The businesses that do more for their citizen soldiers.
12:00 AM, Sep 13, 2007 • By SAMANTHA SAULT
THIS WEEK, WE commemorated again those who fell on 9/11 and remembered the soldiers who continue to fight the war on terror in foreign lands. And on September 12, the Department of Defense recognized some ordinary civilians who do what they can to help our troops.
On Wednesday, http://www.esgr.com/news.asp?newsid=114 target=_blank>15 U.S. companies were awarded the Freedom Award by Employer Support of the Guard and Reserve (ESGR), a division of the Department of Defense. ESGR was founded in 1972 to "gain and maintain employer support" for National Guard and Army Reserve members who hold civilian jobs, says spokeswoman Lt. Col. Michelle Barrett. Guard and Reserve members can nominate their company for the prestigious award--and many do so even while stationed in Iraq or Afghanistan. ESGR received 1,119 nominations for the 2007 award, a 25 percent increase from the previous year. Federal law guarantees Guard and Reserve members health benefits during deployment and reemployment and accrued seniority upon returning from service, but the award recipients do more.
One of the companies being honored is Creative Healthcare Solutions, a small biotech and pharmaceutical marketing firm based in Scottsdale, Arizona, with consultants all over the country. In May 2006, Lt. Col. Tom Weikert, a consultant in Atlanta, received his call up. The Army Reservist had just one week to say goodbye to his wife and two young sons and inform his employer that he would be gone for the next year. Weikert spent six weeks training at Fort McCoy in Wisconsin, and was in Baghdad by the end of June.
Creative Healthcare Solutions "decided to make the transition [to active duty] a little less painful" for Weikert and his family, says company president Norman Stalsberg. The company not only made up the difference between his current salary and his new Army paycheck, but also provided Weikert with full benefits, a 60 GB iPod, and a number of other items. While he served on Multi-National Security Transition Command-Iraq (MNSTC-I), advising the operations and plans group, Creative Healthcare Solutions looked after the Weikert family. Two company executives even flew to Atlanta to take Weikert's sons to an Atlanta Thrashers hockey game, complete with personalized jerseys, autographed pucks, and their names on the scoreboard.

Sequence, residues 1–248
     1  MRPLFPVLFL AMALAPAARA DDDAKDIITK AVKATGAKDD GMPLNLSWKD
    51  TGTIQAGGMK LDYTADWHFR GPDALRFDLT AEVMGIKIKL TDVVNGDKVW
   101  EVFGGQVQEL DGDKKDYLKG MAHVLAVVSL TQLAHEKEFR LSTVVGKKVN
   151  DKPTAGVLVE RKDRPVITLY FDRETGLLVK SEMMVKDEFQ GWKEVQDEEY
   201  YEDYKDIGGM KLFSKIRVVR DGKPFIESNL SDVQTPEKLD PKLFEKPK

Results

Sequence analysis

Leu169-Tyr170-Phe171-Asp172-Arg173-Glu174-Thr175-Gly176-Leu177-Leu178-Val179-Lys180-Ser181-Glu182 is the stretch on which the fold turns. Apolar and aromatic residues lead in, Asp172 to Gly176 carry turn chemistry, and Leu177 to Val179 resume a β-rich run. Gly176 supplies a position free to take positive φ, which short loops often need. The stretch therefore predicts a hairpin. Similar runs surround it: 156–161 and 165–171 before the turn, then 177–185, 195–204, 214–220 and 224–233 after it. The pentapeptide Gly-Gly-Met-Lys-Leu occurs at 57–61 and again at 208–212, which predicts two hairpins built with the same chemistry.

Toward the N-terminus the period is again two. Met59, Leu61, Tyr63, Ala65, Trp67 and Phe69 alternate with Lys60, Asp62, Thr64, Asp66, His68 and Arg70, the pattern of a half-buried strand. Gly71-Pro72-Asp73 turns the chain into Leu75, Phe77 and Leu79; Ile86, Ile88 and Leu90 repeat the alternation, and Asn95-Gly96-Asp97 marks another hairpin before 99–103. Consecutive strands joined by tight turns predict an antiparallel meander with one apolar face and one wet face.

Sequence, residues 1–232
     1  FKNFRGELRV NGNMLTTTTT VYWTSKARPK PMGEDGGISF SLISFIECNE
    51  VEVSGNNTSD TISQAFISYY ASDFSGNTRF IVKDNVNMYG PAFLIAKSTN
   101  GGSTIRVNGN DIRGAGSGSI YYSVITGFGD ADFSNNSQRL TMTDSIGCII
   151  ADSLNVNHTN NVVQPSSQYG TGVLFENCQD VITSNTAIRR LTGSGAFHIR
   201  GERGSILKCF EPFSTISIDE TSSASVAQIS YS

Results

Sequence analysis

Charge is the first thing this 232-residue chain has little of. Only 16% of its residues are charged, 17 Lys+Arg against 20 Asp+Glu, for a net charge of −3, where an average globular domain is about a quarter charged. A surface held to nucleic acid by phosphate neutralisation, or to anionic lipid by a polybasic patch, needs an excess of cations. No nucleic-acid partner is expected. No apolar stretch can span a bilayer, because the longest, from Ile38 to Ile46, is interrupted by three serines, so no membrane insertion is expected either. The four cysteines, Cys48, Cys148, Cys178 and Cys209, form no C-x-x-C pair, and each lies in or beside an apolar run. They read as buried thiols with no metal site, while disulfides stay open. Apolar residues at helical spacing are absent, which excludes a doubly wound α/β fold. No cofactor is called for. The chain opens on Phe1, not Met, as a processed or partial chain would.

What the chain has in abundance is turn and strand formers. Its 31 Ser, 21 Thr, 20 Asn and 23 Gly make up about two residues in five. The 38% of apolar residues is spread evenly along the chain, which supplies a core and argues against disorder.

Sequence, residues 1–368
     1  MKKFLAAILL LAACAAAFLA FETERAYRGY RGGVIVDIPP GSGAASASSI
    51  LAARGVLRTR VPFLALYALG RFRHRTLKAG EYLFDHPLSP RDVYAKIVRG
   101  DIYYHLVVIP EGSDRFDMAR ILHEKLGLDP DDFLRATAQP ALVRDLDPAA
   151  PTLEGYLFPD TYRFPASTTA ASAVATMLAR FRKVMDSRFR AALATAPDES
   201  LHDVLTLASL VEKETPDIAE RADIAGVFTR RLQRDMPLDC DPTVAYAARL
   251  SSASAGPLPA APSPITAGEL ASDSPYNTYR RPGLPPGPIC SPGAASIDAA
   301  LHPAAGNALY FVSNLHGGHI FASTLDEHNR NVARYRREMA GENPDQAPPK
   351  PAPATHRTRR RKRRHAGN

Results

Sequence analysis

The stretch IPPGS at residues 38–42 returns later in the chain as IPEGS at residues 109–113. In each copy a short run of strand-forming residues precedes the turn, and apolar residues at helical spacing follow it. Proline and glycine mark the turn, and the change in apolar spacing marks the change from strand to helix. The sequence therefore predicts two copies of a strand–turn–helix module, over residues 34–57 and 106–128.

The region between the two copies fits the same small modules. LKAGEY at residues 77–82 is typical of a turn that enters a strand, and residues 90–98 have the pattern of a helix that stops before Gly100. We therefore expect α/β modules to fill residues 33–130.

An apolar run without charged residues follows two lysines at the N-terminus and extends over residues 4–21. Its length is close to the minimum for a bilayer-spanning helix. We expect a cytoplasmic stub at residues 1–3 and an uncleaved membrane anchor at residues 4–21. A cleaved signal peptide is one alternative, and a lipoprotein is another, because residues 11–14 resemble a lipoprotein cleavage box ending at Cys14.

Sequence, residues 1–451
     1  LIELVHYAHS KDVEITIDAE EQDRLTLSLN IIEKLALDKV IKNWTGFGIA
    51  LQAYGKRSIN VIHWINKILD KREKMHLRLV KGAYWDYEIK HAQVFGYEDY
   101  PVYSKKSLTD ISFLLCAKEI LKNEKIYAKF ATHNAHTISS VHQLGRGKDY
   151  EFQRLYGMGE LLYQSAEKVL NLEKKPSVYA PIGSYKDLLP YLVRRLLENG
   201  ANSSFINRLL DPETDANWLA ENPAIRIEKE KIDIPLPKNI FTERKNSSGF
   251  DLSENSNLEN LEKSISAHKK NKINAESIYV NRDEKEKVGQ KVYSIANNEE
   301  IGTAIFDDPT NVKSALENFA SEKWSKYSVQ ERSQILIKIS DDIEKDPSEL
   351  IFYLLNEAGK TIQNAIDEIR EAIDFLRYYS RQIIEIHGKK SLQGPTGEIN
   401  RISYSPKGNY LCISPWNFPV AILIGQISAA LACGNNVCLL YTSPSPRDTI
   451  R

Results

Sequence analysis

Weikert says he nominated his employer because "this is a little company that recognized how important it was to support not only me but my family during the 12 months, and sort of set aside the business ramifications." He returned safely to Atlanta on June 2, 2007.
All of the winners--which range from giant corporations like General Motors to small businesses--put the employee ahead of various business concerns. Augustine and Sons, a small, family-owned farm in Rose Hill, Iowa, employs just two non-family members. One is First Sgt. Matthew Strasser, a National Guard member deployed twice in five years working for the Augustines. He was in Kosovo from 2003 to 2004, and is currently stationed in Afghanistan. Dan Augustine says that although "it's a strain on the workload," the family doesn't replace Strasser because "whatever strain it is on us is nothin' compared to what he and his family have to go through." Strasser's wife Jessica and two sons, ages 9 and 7, live rent-free in a house on the Augustines' property, and the Augustines help with the yard work, house repairs, and the boys. In short, they "fill in the blanks" while Matthew is away, says Jessica.
Other companies, such as UMC, a machining company in Monticello, Minnesota, owed the honor to the efforts of their employees. While UMC employee Sgt. Lou Jacobson was deployed in Iraq from 2005 to 2007, the Jacobsons' fence blew down in a windstorm. On a Friday night, 22 of his civilian colleagues rebuilt the fence with UMC providing the materials. UMC director of operations Jed Dotterer says the project was entirely "generated by the employees."